Hi all – if you aren’t able to follow Sally’s Facebook page, I just want to quickly recap the last couple days. On Sunday morning, Nicole brought Sally into Memorial Sloan-Kettering with a 102 degree fever and after she threw up a couple times. She was given an antibiotic and sent home, however on the way home Nicole received a call that Sally had tested postitive for Respiratory syncytial virus (RSV). This isn’t serious in adults or older children, but can be in infants or those suffering from heart or blood disease like Sally does. Although Sally’s fever broke on Monday, Nicole had to bring her in yet again Monday night as we noticed she had a wheeze and was struggling to keep food down.
Last night she received an antibody that will hopefully help fight off the RSV, it may get worse before it gets better as it takes around 10 days to pass. In the meantime we need to monitor her closely and keep her hydrated by using her pump machine to deliver breast milk at a continuous and slow rate, as well as give her Pedialyte. Her blood counts should also be dropping from last weeks’ chemo, so they want us to bring her in every 2-3 days to get checked until this hopefully passes without incident.
It’s overwhelming to sit here and think back over the last year, what a roller coaster it has been. The last few weeks I’ve wrestled between whether I should hate 2013 or look at it as an opportunity. I think I’ve settled on C) all of the above. I can’t ignore that 2013, well, sucked. Our 10 month old daughter was diagnosed with a cancer that gives her a 50/50 chance of surviving, causes her pain and is receiving outdated treatment that may be slowly killing her body while saving it. We’ve spent weeks and weeks in the hospital seeing and hearing things that no person should have to experience. We’ve learned that 7 kids die of cancer every day, and only 4% of national funding goes to research for them because most people think pediatric cancer is all smiling kids with bald heads. What they don’t know is that this is just a facade, the kids who survive go through an incredible amount of pain and suffering. Just visit the clinic and hear the kids screaming in pain, or watch a 2 year old girl vomit all over the floor as the chemo enters her body. These are the sad truths and 2013 opened our eyes to them.
However 2013 also opened our eyes to the amazing spirit and kindness of people. Friends who have never met each other coming together to plan a fundraiser for Sally, a group of strangers in our neighborhood planning a fundraiser and organizing meal trains and rides to the hospital for us, the neighborhood moms winning a prize and donating to Sally with the awarders matching the gift, a 5 year old in North Carolina cutting off her hair because she wanted to give it to Sally, triathletes wearing yellow tutus in a race, Bills fans from all over the world sending love and support, Kearney high school alum taking care of their own, a group of students in the Bronx with learning disabilities writing get well letters to Sally, a school adopting our kids for Christmas, a stranger giving the boys tickets to Disney, countless errands run. There are so many acts of good will that I could go on and on, and every one of them meant the world to our family and brought tears of joy and sadness. We have met so many wonderful people and have made friends with several of them who we otherwise wouldn’t have crossed paths with.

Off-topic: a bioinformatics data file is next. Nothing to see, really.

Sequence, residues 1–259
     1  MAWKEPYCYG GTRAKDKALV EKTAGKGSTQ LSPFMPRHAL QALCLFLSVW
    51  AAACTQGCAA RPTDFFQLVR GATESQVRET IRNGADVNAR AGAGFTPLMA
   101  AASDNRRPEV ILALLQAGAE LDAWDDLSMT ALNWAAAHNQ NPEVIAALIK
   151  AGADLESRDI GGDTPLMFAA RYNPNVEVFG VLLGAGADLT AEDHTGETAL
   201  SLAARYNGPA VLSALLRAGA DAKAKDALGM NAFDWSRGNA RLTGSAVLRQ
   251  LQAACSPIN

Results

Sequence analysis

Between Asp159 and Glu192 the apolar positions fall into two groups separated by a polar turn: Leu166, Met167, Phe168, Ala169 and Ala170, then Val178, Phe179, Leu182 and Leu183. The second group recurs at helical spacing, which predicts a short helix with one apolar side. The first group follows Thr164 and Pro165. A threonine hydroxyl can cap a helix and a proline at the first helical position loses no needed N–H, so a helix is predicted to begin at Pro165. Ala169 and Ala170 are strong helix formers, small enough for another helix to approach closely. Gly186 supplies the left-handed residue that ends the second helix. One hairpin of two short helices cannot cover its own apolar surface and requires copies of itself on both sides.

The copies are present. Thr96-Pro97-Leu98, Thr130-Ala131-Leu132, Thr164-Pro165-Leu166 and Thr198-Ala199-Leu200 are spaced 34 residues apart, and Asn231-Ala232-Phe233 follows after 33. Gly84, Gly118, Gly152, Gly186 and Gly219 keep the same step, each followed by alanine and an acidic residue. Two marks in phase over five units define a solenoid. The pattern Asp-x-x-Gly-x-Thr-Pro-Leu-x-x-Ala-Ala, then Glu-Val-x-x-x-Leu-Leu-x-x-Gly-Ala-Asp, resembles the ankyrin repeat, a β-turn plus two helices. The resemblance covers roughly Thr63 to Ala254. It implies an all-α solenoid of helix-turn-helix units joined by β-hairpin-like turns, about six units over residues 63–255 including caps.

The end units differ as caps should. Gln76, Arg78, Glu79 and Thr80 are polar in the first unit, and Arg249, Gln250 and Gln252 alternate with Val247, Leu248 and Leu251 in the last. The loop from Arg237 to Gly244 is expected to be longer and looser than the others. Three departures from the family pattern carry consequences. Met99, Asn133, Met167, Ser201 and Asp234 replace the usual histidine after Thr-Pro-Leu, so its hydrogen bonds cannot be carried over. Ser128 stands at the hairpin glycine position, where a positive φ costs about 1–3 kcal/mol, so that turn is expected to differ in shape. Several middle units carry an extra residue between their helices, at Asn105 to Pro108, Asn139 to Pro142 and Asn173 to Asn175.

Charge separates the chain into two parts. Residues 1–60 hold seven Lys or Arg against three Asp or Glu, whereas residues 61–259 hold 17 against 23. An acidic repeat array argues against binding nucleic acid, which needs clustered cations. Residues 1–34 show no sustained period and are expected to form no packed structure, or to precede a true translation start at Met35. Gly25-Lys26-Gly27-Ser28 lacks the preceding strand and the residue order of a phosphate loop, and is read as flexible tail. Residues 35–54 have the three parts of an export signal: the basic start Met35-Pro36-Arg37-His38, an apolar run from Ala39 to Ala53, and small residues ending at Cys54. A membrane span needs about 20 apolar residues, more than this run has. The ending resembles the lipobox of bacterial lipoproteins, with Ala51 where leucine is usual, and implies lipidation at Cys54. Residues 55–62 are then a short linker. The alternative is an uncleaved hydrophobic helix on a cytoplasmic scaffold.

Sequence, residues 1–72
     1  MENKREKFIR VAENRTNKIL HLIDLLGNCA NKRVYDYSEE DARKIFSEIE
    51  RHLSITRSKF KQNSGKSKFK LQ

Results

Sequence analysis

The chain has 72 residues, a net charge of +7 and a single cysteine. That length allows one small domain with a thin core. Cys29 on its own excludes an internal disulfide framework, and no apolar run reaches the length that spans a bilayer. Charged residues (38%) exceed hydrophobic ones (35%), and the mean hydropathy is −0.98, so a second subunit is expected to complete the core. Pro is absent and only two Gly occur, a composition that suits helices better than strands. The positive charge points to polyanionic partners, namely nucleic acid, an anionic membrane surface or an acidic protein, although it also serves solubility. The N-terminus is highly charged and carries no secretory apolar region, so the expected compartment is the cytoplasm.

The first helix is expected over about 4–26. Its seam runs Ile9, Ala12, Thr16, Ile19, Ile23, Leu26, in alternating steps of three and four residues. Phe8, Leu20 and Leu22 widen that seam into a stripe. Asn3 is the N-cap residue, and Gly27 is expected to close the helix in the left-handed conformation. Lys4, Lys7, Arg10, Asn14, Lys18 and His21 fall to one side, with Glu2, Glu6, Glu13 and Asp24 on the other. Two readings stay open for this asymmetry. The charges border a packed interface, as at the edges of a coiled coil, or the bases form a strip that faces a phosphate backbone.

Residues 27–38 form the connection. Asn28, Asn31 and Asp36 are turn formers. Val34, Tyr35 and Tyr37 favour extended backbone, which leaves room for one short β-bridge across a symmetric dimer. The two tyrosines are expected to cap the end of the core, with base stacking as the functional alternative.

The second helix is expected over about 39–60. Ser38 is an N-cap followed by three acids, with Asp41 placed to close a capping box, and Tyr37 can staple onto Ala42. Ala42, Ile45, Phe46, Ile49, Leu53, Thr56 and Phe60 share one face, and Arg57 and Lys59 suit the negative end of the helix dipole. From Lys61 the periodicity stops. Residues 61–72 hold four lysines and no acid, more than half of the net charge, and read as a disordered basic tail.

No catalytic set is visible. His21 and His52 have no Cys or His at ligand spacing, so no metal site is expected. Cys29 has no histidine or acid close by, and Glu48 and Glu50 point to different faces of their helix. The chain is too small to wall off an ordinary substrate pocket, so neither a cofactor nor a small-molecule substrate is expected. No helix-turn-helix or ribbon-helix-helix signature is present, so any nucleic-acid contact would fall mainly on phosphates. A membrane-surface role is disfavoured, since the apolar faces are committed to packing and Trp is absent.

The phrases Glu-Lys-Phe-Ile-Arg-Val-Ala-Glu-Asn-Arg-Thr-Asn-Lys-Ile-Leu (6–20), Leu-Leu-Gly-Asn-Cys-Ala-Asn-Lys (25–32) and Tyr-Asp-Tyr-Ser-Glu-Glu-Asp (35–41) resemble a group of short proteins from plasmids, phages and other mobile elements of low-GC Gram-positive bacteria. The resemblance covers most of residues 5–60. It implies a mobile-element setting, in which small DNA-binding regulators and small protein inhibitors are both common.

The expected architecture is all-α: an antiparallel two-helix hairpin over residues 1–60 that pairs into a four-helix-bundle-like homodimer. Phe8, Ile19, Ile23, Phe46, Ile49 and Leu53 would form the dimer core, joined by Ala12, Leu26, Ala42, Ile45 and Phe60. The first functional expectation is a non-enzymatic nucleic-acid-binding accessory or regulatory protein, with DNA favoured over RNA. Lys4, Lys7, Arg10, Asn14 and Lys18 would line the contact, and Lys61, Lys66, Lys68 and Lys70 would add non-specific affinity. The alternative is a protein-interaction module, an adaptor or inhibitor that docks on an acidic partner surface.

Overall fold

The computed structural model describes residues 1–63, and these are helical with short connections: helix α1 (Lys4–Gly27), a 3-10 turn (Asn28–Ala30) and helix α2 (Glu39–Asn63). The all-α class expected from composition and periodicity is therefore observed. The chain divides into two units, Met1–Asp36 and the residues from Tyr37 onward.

There’s a story that when President Kennedy was visiting NASA, he asked a janitor what his job was. The man replied, “I’m putting a man on the moon.” We have been blessed with an incredible team of doctors, nurses and staff at Memorial Sloan-Kettering, where every person on the 9th floor has an amazing spirit and passion for the kids being treated there. One of the cleaning women at MSK, Karen, knows her job is just as important as our team of doctors as germs are so dangerous for kids with cancer and considers each of the children there one of her own. We see this in so many people there, Sally isn’t just a patient, she’s their little girl and care about her greatly. We’ve seen this especially in Sally’s nurses, who are the cornerstone to her getting through this.
We’ve seen the extremes of good and evil in 2013. We’ve learned the horrors of pediatric cancer and have watched kids suffer and die. We’ve also seen the incredible strength of kids and their families like Scarlett, Cami, GiGi, Cannon and Ariane who beat the odds with strength most adults can’t fathom. To say it was a good year or a bad one wouldn’t do it justice. However, we’re heading into 2014 with our gloves raised and ready to keep punching. We’ve been knocked down and will continue to get knocked down time and time again. But we’ll bleed a little and get up to fight again to the end. To all who have supported Sally, we love and thank you.
Bring it on 2014, Sally owns you, and she has an army of supporters with her.
Please keep Sally in your thoughts and prayers.